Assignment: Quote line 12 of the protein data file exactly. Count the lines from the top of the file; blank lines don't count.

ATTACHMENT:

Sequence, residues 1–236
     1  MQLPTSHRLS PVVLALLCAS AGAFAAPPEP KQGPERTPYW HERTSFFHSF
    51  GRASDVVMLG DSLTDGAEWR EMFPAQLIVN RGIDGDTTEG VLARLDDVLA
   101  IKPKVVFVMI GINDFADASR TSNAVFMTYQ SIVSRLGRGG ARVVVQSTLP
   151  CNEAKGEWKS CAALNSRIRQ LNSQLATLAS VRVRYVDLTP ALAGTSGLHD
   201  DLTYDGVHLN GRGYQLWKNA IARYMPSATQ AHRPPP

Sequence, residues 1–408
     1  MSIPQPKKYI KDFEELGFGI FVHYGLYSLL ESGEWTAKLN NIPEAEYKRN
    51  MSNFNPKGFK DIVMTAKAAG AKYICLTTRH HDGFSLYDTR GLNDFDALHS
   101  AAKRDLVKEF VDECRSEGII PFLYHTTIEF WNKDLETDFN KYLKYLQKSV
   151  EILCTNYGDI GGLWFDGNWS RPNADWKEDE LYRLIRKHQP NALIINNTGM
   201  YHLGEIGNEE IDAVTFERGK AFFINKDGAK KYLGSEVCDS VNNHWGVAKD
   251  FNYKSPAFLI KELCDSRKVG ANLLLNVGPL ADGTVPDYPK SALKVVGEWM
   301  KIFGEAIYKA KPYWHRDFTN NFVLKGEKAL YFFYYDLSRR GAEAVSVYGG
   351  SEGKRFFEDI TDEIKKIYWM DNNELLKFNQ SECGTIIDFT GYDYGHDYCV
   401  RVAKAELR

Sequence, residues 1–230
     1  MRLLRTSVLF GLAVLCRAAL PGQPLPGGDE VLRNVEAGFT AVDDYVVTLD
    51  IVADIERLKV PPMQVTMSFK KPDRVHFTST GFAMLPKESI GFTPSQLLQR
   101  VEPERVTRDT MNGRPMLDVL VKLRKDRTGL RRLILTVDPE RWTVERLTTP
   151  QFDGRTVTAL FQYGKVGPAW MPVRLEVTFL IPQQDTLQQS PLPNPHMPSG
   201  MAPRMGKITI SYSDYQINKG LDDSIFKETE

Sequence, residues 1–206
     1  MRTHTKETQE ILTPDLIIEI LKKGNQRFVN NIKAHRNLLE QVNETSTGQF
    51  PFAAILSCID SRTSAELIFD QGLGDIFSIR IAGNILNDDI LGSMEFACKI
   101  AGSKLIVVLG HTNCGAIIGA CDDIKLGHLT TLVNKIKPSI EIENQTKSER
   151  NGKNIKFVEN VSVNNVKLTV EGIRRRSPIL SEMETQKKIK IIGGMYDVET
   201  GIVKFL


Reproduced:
   201  YHLGEIGNEE IDAVTFERGK AFFINKDGAK KYLGSEVCDS VNNHWGVAKD